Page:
If Education Minister Jeff Johnson is serious about educational change, he could learn something from past experience—Johnson served as cochair of the Inspiring Education committee.
In 2009, then education minister Dave Hancock embarked on an ambitious project to listen to Albertans about their hopes, dreams and aspirations for public education in the 21st century. The project generated rich conversations about the goals and purposes of public education to create a vision for education, which is articulated in the Inspiring Education Steering Committee Report.
Many of us were at the table during the regional consultations—we completed the online survey and participated in open discussion boards on a variety of topics. The engagement process took time, but it was meaningful and authentic. When I read the steering committee’s report, I heard my voice in it and I heard the voices of others, some of whom I don’t necessarily agree with but the voices were there. In fact, if there’s one criticism, it’s that the report is so broadly worded that everyone can find ways to support competing ideas on where to take education.
However, it’s precisely because of careful and purposeful engagement that the process and the resulting document enjoy so much support. Minister Hancock (now Alberta’s minister of human services) is a coalition builder; he ensured that a variety of people and organizations would commit to the process and champion it. To that end, one of the first groups to guide the process was the Inspiring Education Working Committee. This group of 29 diverse people represented 13 ministries within the government and 12 education stakeholder organizations. The diversity of voices included government officials, ranging from a deputy minister to a crown prosecutor. Stakeholders, sometimes with competing interests, were brought to the table, including private schools, school boards, superintendents and teachers. These people found a way to work together on a project they all believed in.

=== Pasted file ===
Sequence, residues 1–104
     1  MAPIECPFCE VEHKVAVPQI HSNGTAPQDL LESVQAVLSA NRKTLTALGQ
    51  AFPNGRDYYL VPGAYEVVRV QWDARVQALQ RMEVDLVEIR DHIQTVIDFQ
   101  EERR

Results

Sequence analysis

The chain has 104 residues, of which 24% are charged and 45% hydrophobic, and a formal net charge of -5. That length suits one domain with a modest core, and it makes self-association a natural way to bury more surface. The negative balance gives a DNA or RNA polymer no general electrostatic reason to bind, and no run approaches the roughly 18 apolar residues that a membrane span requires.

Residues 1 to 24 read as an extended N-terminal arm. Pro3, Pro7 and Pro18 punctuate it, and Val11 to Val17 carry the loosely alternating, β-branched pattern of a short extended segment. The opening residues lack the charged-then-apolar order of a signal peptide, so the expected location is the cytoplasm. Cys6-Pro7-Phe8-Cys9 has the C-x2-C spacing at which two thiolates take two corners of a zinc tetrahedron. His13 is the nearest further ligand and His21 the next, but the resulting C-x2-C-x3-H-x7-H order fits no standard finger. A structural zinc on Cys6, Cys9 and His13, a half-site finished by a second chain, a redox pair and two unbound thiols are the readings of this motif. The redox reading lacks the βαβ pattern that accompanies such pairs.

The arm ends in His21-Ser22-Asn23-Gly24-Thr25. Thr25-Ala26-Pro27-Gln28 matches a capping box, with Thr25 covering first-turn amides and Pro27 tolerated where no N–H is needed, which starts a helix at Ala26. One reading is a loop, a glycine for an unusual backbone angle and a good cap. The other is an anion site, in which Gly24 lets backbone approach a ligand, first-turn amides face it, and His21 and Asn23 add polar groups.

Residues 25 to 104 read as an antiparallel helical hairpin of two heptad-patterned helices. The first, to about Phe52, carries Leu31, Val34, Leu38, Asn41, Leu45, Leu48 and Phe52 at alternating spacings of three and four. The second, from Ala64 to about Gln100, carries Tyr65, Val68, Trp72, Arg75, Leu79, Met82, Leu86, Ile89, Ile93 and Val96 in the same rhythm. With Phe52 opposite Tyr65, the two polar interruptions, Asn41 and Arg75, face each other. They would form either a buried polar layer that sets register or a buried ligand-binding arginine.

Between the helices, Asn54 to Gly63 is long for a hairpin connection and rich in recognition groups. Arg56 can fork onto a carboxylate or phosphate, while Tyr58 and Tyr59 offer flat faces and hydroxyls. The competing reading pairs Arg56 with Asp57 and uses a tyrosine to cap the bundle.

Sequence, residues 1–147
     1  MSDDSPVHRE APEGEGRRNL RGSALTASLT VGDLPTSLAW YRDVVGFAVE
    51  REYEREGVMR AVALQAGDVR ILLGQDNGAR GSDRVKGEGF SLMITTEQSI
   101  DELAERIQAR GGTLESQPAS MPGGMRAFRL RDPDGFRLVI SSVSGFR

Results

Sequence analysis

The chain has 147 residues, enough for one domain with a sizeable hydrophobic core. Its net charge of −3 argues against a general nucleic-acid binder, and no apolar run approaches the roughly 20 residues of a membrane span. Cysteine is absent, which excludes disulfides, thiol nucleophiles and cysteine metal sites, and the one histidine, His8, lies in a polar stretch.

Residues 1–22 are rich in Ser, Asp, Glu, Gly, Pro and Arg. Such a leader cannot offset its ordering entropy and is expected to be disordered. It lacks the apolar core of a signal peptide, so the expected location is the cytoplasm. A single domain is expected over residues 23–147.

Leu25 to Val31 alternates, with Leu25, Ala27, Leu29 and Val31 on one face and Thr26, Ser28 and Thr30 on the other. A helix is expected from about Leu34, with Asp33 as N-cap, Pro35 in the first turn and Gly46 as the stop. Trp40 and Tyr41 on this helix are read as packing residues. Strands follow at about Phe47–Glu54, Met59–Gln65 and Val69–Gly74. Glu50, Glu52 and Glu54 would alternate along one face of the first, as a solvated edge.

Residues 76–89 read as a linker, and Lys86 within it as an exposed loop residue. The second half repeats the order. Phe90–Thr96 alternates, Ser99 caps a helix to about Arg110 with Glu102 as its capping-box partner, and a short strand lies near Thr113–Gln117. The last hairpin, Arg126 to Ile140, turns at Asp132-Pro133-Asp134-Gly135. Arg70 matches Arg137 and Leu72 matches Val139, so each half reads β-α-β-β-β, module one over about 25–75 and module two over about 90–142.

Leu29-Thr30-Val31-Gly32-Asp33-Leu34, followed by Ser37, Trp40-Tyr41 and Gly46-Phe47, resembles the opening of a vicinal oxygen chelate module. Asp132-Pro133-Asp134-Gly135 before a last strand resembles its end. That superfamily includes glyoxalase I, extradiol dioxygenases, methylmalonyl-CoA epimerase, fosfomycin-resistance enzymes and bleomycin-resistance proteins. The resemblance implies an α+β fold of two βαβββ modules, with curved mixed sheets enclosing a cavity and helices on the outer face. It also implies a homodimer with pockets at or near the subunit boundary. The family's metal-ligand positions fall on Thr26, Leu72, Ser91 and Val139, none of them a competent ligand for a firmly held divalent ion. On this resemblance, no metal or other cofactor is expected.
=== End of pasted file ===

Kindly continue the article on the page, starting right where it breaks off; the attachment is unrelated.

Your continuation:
I suspect that at the time, Minister Hancock realized that educational change could only happen if the people most responsible for implementing changes were actively engaged in the process.
The Inspiring Education Working Committee defined the processes and provided input into the tools needed, and committee members reported to their representative groups on the success of the initiative.
The open-arms invitations, collaborative spirit and clear window into process that stood as hallmarks of Inspiring Education stand in stark contrast to the approach adopted by the Task Force for Teaching Excellence.
First, information about the task force isn’t readily available. What is available is housed on the servers of a private contractor that does marketing and branding work. Second, stakeholders weren’t invited to participate in developing the project and were told about it just days before it was publicly launched. Third, information about dates and times for regional consultations were released less than a week before the first public meeting occurred. Last, the survey tools and focus group questions were developed without any input from stakeholders.
It’s puzzling why the Task Force for Teaching Excellence would exclude the voice, input and buy-in of teachers. It’s unconscionable that ATA President Ramsankar was excluded from speaking at the launch of the task force, yet the president of the Alberta School Councils’ Association was invited to bring greetings. Puzzling indeed—after all, this isn’t the Task Force for School Council Excellence.
The absence of clear and readily available information raises many questions, the first of which is, “Is the Task Force for Teaching Excellence about bringing about change with teachers or bringing in changes to teachers?” ❚
I welcome your comments—contact me at firstname.lastname@example.org.